Echovirus

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Related to Echovirus 9: Echovirus 11

echovirus

[′ek·ō‚vī·rəs]
(virology)
Any member of the Picornaviridae family, genus Enterovirus; the name is derived from the group designation enteric cytopathogenic human orphan virus.
McGraw-Hill Dictionary of Scientific & Technical Terms, 6E, Copyright © 2003 by The McGraw-Hill Companies, Inc.
The following article is from The Great Soviet Encyclopedia (1979). It might be outdated or ideologically biased.

Echovirus

 

(acronym for enteric cytopathogenic human orphan virus), a minute virus containing one strand of RNA and lacking an outer protein layer. An orphan virus is a virus detected under laboratory conditions but not associated with any known disease. However, it has been found that this is not true of echovirus. Echovirus belongs to the genus Enterovirus of the family Picornavirus. Many of the more than 30 serotypes live in the human intestine without causing any symptoms of disease. Some, however, are the causative agents of aseptic meningitis, gastroenteritis, and respiratory diseases.

The Great Soviet Encyclopedia, 3rd Edition (1970-1979). © 2010 The Gale Group, Inc. All rights reserved.
References in periodicals archive ?
Additionally, echovirus 9 PCR from sample 5 detected an expected product at 112 bp.
During 2006-2008, the five most frequently detected enteroviruses were coxsackievirus B1 (CVB1), echovirus 6, echovirus 9, echovirus 18, and coxsackievirus A9; these accounted for 54% of total known serotyped detections during that period.
Echovirus 9 accounted for 21.5%, 41.0%, and 18.9% of detections with known serotypes during 2002, 2003, and 2004, respectively.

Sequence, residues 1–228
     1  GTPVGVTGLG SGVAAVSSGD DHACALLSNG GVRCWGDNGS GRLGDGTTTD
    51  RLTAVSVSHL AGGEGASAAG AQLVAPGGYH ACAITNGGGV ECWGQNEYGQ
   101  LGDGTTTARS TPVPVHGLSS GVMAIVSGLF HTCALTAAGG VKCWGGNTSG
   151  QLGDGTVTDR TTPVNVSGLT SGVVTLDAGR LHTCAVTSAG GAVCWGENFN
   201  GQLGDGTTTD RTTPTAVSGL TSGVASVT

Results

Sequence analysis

Echovirus 9 was the predominate enterovirus serotype circulating in the eastern United States during 2003 (4) and was identified as the likely etiologic agent in this outbreak.
Echovirus 9 (E9) and echovirus 30 (E30) have been associated frequently with outbreaks of aseptic meningitis (3-5).
Of the 1672 nonpolio enterovirus isolates, echovirus 30 was the predominant serotype and accounted for 27.5% of all isolates, followed by echovirus 11 (13.8%), echovirus 9 (8.7%), and echovirus 6 (6.9%).
During 1993-1996, of the 3209 nonpolio enterovirus isolations reported, echovirus 9 was the predominant serotype reported (12.7%), followed by coxsackievirus B5 (11.5%), echovirus 30 (9.5%), coxsackievirus A9 (6.6%), coxsackievirus B2 (6.2%), echovirus 6 (5.1%), and echovirus 11 (4.5%).
The rates of isolation of echovirus 9 from stool and CSF specimens of case-patients (19% and 9%, respectively) were lower than those obtained in previous investigations, possibly resulting from the timing of sample collection following onset of illness; the small volume of sample obtained; or loss of virus in the specimen during handling, storage, or shipment.